... body, which do not depend upon belief. I kept saying to myself, "There is nothing! I do not believe a word of it! 'Tis naught but old wives' fables!" But, all the same, I took with a great deal of thankfulness the dressing-down I had got from my father for being late for home lessons on a trigonometry night. You see, I was born and reared in Galloway, and I suppose it was just what they have come to call in these latter days "the influence ... — The Dew of Their Youth • S. R. Crockett
... geometry the Arabs added little to Euclid, but algebra is practically their creation. An Arabic treatise on algebra long formed the textbook of the subject in the universities of Christian Europe. Spherical trigonometry and conic sections are Arabic inventions. This mathematical knowledge enabled the Arabs to make considerable progress in astronomy. Observatories at Bagdad and Damascus were erected as early as the ninth century. ... — EARLY EUROPEAN HISTORY • HUTTON WEBSTER
... but her advice to me was, not to omit anything because I did not like it. I had a natural distaste for mathematics, and my recollections of my struggles with trigonometry and conic sections are not altogether those of a conquering heroine. But my teacher told me that my mind had need of just that exact sort of discipline, and I think ... — A New England Girlhood • Lucy Larcom
... great as one-quarter of a minute will be made in the position of the meridian as determined in the summer months. If winter observations are made, the distance in January should be used. The formula for computing the angle of elongation is easily made by any one understanding spherical trigonometry, and ... — Scientific American Supplement, No. 344, August 5, 1882 • Various
... applying for admission to the class in trigonometry, the instructor doubtfully admitted her, as so many of the High School pupils had found the subject very hard and preferred a review of other mathematics. She entered the class, however, on trial, ... — Twentieth Century Negro Literature - Or, A Cyclopedia of Thought on the Vital Topics Relating - to the American Negro • Various
... of the first book of Euclid is unanimously ascribed to him by the ancients. Dr. Wotton, in his Reflections upon Ancient and Modern Learning, says, "It is indeed a very noble proposition, the foundation of trigonometry, of universal and various use in those curious speculations about ... — Cicero's Tusculan Disputations - Also, Treatises On The Nature Of The Gods, And On The Commonwealth • Marcus Tullius Cicero
... I was not strong; and my father found it necessary to oversee my methods of studying. Incidentally, I think, he influenced the choice of some of our text-books, and I remember that, with the exception of Greek and trigonometry—thought, in those days, to be beyond the scope of the feminine intellect—we pursued the same curriculum that our brothers did at college. In some cases we had teachers who were then, or afterwards, college professors in their specialties; in ... — McClure's Magazine, Volume VI, No. 3. February 1896 • Various
... accepted," proclaimed Elfreda, screwing her face into a startling resemblance to a fussy instructor in freshman trigonometry and using his ... — Grace Harlowe's Second Year at Overton College • Jessie Graham Flower
... foe to every liar and thief. He was well informed, for he had, as a boy, been solidly instructed; he was polite, refined, for he had been well educated. His life was a story often told: mercantile parent, very wealthy; son sent to college; talent for art, developed at the expense of trigonometry and morning-prayers; mercantile parent fails, and falls from Fifth avenue to Brooklyn, preparatory to embarking for the land of those who have failed and fallen—wherever that is. Son wears long hair, and believes he looks like ... — The Continental Monthly, Vol. 2, No 3, September, 1862 - Devoted to Literature and National Policy. • Various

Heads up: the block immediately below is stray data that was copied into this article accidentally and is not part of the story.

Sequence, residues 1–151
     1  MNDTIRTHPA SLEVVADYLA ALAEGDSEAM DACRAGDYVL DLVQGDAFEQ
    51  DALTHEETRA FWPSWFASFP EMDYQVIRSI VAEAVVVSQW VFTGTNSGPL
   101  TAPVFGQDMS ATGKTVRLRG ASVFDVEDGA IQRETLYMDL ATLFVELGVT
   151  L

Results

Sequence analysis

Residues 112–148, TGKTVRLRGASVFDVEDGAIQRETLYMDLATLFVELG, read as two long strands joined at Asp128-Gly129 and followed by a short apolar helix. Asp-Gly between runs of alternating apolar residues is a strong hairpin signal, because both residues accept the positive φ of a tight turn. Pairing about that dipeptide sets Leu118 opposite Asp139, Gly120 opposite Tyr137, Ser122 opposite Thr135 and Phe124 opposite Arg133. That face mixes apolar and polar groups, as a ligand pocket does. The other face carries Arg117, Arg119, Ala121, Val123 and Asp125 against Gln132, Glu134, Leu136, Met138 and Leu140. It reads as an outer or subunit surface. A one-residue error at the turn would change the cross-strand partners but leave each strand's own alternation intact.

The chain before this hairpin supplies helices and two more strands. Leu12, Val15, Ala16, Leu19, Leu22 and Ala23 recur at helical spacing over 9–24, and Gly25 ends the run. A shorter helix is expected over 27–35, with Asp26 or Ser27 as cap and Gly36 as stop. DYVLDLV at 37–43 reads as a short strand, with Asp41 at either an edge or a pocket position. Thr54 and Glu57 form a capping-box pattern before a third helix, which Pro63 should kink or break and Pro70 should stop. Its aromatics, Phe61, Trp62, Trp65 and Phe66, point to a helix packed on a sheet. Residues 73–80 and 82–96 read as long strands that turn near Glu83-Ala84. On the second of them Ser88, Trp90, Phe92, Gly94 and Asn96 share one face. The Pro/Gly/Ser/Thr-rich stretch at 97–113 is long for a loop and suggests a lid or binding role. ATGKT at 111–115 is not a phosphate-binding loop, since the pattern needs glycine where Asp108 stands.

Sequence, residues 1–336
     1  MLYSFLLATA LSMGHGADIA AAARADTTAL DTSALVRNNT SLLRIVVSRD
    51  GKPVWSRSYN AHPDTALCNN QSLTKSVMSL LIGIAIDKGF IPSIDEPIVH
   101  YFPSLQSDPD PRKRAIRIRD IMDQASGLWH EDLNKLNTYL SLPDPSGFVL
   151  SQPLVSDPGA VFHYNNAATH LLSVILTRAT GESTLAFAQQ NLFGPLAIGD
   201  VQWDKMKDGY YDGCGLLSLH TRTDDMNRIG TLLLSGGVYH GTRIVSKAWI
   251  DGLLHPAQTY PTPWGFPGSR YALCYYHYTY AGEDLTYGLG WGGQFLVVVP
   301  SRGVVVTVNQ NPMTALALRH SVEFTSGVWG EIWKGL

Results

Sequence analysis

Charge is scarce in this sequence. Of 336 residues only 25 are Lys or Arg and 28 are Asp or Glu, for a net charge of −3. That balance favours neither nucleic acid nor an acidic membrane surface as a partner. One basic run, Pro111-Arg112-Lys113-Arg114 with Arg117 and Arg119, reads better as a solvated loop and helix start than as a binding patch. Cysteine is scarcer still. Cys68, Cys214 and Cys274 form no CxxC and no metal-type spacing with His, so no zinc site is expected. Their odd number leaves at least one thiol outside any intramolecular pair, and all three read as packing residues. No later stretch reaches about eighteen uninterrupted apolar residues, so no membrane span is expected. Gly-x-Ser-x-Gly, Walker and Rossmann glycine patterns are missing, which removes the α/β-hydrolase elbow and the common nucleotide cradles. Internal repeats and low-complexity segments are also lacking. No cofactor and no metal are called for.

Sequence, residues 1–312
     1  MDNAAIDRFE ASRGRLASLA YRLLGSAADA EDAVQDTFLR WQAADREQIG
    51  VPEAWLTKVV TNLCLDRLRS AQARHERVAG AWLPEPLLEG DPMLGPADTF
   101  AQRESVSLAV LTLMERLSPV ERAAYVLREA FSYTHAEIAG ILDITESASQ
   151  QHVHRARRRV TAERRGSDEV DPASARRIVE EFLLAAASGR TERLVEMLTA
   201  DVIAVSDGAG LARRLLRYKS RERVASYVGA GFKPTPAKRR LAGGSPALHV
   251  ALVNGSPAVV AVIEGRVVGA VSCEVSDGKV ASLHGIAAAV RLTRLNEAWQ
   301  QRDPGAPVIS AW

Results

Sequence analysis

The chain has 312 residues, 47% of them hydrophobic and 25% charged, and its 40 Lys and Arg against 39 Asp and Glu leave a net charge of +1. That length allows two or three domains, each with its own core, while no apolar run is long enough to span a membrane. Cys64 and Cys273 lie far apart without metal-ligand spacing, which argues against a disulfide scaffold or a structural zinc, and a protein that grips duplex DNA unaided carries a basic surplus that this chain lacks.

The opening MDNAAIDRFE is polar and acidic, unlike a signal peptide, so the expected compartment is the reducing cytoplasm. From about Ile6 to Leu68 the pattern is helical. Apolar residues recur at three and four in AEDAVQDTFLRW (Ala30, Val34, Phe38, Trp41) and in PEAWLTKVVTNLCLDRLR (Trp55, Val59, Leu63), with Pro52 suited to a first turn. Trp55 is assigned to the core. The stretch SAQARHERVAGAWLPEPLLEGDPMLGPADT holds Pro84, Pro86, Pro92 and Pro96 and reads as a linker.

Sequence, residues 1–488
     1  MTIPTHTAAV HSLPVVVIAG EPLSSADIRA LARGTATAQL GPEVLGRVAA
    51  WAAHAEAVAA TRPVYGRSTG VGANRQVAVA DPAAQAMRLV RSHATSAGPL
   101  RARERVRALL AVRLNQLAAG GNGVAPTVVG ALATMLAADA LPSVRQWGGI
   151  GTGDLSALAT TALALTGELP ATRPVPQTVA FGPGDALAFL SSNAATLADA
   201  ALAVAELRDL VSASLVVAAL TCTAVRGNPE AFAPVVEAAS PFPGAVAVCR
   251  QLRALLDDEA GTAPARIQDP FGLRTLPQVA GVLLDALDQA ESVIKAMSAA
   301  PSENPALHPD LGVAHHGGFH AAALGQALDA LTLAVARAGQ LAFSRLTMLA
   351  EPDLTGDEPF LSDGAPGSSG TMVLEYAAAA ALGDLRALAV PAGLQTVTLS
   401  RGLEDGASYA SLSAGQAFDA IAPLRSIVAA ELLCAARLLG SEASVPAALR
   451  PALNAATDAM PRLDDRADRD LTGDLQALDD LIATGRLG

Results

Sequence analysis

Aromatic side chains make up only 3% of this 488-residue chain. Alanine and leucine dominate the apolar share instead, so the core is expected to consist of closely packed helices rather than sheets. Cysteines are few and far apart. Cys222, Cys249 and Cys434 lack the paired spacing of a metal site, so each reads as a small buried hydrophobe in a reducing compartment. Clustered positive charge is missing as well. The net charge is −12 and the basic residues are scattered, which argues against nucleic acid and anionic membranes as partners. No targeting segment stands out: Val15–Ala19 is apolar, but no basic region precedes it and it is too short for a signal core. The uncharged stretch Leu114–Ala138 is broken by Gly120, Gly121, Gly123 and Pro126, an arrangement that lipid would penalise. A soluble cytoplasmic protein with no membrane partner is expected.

... corridors and deep recesses are filled with shepherdesses such as you never saw, dressed in beautiful shimmering gowns, and wearing feathers in their hair that droop off sideways at every angle known to trigonometry. And there are shepherds, too, with broad white waistcoats and little patent leather shoes and heavy faces and congested cheeks. And there is dancing and conversation among the shepherds and shepherdesses, with such brilliant flashes of wit and repartee about ... — Arcadian Adventures with the Idle Rich • Stephen Leacock
... do any thing rash, dear. We are not trying in the least to interfere in your affairs. You know the primary object of the Phi Sigma Tau is to help one another. We thought that you would be glad to have us coach you in astronomy. You know how thankful Grace was for your help in trigonometry ... — Grace Harlowe's Senior Year at High School - or The Parting of the Ways • Jessie Graham Flower
... 199. On any convenient scale draw a similar section of strata with a dip of 30 degrees outcropping along a horizontal line normal to the strike one thousand feet in length, and measure the thickness of the strata by the scale employed. The thickness may also be calculated by trigonometry. ... — The Elements of Geology • William Harmon Norton
... to give me an exercise in trigonometry, it always took the shape of measuring heights. When I was a lad I worked out every tree and ... — Memoirs of Sherlock Holmes • Sir Arthur Conan Doyle
... acres, a somewhat bewildering course of study is given. The list of subjects begins well. First, a lad is here taught his duties as the head of a family, a citizen, and a man of business. Then come geography, history, arithmetic, book-keeping, trigonometry, linear drawing, mechanics, chemistry, physics, natural history, botany, geology, agrologie, or the study of soils, irrigation, political economy. Whilst farming generally is taught, the speciality of the school is fruit and flower ... — In the Heart of the Vosges - And Other Sketches by a "Devious Traveller" • Matilda Betham-Edwards